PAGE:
As shown in FIGS. 2 and 3, a series of spokes 46, 46', and 46" project radially between the recess portions and the inward side surfaces 34 of the outer side walls 32 of each wheel member 21 and 22 (FIG. 2). Substantially circular bores or openings 47 and 48 are formed between the spokes 46 and 46' and 46 and 46" and the inward side surface 34 of outer side wall 32 of each wheel member. The bores 47 and 48 enable the passage of concrete through the wheel members of the spacer 20 to enable the concrete to completely surround and enclose the spacer as it fills the excavated shaft.
As illustrated in FIG. 2, locking means 51 are formed along the webs 23 of the wheel members 21 and 22, positioned intermediate the recess portions 41 and the ends 24 and 26 of the webs 23. The locking means 51 each include pairs of locking tabs 52 and 53 that project laterally from the facing side surfaces 27 of the webs 23 of the wheel members 21 and 22. The locking tabs of a width approximately equivalent to half the width of the webs 23 of the wheel members are positioned on opposite sides of the longitudinal central axis X of each wheel member.
Each locking tab is a substantially flat strip or tongue integrally formed as part of the web. The locking tabs extend from a first end or base 54 in a direction normal to the diametrical axis of the webs. The locking tabs 52 and 53 each have a distal end 56, having a substantially triangularly shaped catch or hooked portion 57 formed thereat. The locking tabs further include substantially flat outer side edges 58 and inward side edges 59 that are tapered or angled from the base end 54 to the distal ends 56 of the locking tabs 52 and 53. The catches 57 formed at the ends 56 of the locking tabs each include a slanted front bearing surface 61 and a substantially flat rear bearing surface 62 intersecting with the front slanted bearing surface 61.
As FIG. 2 illustrates, notches 65 and 66 are formed in the webs 23 of each wheel member 21 and 22, positioned adjacent the locking tabs 52 and 53 of each web of each wheel member and aligned with the locking tabs of the web 23 of the opposite wheel member 21 or 22. The notches 65 and 66 are substantially rectangular openings formed in the webs 23. Each notch 65 and 66 extends between the first and second longitudinal edges 29 and 31 and the longitudinal axis X of each web. Each notch has an open end 67, parallel side walls 68 and 69, and a closed end 71 formed approximately adjacent the central axis of each web. Angled bearing surfaces 72 are formed at the closed ends 71 of each notch 65 and 66. The bearing surfaces 72 act as guide surfaces that are positioned to engage the tapered inward side edges 59 of the locking tabs 52 and 53 as the wheel members are urged together, to guide the locking tabs into the notches formed within the webs.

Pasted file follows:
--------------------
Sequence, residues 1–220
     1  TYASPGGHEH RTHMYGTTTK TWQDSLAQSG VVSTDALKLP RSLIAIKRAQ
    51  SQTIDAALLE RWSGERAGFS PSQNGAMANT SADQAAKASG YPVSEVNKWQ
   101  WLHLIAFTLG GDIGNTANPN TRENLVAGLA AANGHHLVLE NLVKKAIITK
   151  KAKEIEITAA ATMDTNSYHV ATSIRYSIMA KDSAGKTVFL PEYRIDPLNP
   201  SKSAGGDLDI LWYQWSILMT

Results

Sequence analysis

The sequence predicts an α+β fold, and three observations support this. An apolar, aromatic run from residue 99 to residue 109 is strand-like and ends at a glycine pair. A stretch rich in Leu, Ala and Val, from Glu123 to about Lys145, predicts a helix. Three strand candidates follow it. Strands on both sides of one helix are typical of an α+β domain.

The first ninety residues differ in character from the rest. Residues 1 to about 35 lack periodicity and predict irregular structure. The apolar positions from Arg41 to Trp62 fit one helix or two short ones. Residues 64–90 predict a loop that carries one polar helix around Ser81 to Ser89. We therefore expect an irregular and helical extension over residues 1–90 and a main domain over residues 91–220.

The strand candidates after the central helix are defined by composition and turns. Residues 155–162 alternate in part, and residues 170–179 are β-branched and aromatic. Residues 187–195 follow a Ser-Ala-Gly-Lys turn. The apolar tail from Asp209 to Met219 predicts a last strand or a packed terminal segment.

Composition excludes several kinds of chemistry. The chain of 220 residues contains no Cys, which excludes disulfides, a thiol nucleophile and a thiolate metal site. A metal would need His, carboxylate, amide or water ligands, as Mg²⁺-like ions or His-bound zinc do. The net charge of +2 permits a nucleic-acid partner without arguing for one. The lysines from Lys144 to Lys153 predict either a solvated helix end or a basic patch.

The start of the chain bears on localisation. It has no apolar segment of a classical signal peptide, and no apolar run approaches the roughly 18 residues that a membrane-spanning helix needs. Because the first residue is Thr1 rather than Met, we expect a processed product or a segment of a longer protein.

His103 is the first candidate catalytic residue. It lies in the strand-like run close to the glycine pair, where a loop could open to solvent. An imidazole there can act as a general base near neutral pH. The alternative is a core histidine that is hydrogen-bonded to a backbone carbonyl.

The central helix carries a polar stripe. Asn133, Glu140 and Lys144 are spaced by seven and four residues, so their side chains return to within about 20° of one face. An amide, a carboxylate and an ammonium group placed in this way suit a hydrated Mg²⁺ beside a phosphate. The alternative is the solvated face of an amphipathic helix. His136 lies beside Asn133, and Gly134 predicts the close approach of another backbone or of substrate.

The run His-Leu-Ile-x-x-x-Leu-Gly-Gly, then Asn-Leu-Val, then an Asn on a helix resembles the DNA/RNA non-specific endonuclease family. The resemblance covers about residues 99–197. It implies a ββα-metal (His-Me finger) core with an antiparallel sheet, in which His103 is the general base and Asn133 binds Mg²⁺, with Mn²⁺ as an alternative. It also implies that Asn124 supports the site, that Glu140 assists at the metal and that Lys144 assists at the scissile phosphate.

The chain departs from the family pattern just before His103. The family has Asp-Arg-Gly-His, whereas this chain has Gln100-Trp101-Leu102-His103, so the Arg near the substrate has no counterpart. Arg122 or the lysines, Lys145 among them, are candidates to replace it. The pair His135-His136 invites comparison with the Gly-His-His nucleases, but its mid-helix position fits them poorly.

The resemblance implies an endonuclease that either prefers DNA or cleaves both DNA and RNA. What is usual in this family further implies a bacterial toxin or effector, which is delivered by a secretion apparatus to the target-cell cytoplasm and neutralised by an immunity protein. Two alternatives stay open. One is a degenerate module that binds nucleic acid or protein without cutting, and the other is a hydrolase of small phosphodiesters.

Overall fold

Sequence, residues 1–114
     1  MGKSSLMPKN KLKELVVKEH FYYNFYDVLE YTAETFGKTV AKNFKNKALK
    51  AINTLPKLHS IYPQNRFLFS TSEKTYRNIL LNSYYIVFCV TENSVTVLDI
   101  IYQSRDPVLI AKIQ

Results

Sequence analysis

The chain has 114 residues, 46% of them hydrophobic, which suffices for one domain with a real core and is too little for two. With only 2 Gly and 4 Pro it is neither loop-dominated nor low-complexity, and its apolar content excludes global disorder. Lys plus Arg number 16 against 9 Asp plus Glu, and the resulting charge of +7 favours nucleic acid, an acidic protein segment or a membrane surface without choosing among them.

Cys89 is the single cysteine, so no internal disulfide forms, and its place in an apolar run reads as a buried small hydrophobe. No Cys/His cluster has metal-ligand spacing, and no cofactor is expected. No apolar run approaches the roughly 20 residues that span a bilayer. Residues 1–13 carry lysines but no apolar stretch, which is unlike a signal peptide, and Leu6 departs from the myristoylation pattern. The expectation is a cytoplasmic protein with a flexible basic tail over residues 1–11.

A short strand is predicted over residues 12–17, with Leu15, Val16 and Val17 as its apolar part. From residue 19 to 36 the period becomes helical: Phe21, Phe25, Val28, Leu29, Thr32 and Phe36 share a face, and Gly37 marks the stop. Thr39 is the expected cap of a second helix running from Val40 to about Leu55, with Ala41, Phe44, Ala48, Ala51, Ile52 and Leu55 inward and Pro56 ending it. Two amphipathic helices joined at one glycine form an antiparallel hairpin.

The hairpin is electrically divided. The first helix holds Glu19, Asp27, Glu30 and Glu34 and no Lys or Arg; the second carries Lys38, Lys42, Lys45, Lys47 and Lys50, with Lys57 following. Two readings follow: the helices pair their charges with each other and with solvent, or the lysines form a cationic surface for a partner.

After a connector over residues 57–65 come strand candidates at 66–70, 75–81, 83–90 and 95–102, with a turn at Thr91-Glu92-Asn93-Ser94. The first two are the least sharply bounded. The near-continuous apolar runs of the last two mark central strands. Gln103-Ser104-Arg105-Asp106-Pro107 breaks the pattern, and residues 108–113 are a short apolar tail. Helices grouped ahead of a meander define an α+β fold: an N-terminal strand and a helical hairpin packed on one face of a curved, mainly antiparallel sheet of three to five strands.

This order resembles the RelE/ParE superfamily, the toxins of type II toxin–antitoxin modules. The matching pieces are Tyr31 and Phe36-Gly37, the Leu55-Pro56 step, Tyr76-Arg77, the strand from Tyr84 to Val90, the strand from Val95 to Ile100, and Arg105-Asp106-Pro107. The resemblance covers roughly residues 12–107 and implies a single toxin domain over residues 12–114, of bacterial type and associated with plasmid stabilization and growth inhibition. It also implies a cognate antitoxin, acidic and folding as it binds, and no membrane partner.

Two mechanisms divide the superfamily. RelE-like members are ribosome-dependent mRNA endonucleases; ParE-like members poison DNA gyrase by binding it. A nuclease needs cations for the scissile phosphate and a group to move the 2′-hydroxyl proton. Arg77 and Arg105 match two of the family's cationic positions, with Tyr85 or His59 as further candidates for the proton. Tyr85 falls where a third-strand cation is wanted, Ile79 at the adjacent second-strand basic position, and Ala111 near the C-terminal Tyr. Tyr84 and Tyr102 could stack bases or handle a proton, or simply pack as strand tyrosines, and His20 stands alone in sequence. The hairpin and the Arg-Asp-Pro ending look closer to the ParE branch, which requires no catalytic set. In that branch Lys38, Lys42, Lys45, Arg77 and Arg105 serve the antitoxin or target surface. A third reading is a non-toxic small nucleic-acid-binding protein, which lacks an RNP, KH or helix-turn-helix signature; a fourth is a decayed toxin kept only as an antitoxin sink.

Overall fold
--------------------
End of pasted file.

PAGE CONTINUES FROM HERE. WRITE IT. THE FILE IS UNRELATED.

As shown in FIG. 2, an angled bearing surface 73 is formed along each side wall 68 of each notch 65 and 66, extending laterally from the rearward side surfaces 28 of the webs 23. A catch surface 74 is formed at the rearward edge of bearing surface 72 against which the rear bearing surfaces 62 of the catches 57 of the locking tabs 52 and 53 engage and bear there against. The engagement of the catch surfaces by the rear bearing surfaces 62 secures the locking tabs of each wheel member 21 or 22 to the webs of their opposing wheel member 21 or 22 to secure the wheel members in an interlocked, mating relationship about a rebar tie, to form the spacer 20.
In operation of the reinforcement cage 11, as shown in FIGS. 1 and 3, spacers 20 are each rotatably mounted upon a lateral rebar tie 13 of a reinforcement cage 11 for a concrete reinforcing structure. As illustrated in FIG. 1, the spacers 20 are placed on the lateral rebar ties 13 at spaced intervals and locations as desired. A minimum of three spacers 20 would be used on a single rebar tie 13 to center the reinforcement cage assembly at that point. Additional spacers 20 would be used on additional rebar ties 13 as needed, depending on the depth of the excavated shaft 16 and the spacing of the rebar ties 13.
The wheel members 21 and 22 are positioned along the length of the lateral rebar ties 13 with the lateral rebar ties 13 received and nestled within the recess portions 41 of the wheel members, as illustrated in FIG. 3. The slight inward taper of the bearing surfaces 42 and 43 (FIG. 2) of the recess portions 41 enables the recess portions to approximately correspond to the curvature of the circular ties of the reinforcement cage. Once so positioned on the lateral rebar ties of the reinforcement cage, the opposed wheel members 21 and 22 are urged together. As the wheel members are pressed into contact with one another, the tapered inward side edges 59 of the locking tabs 52 and 53 (FIG. 2) engage the lower bearing surfaces 72 of the notches 65 and 66 formed in the webs 23 of the wheel members and are guided into the notches. As the locking tabs are received within the notches, the angled front bearing surfaces 61 of the catches 57 of the locking tabs engage and slide along the angled bearing surfaces 73 of the side walls 68 of the notches, which biases the locking tabs away from the side walls 68.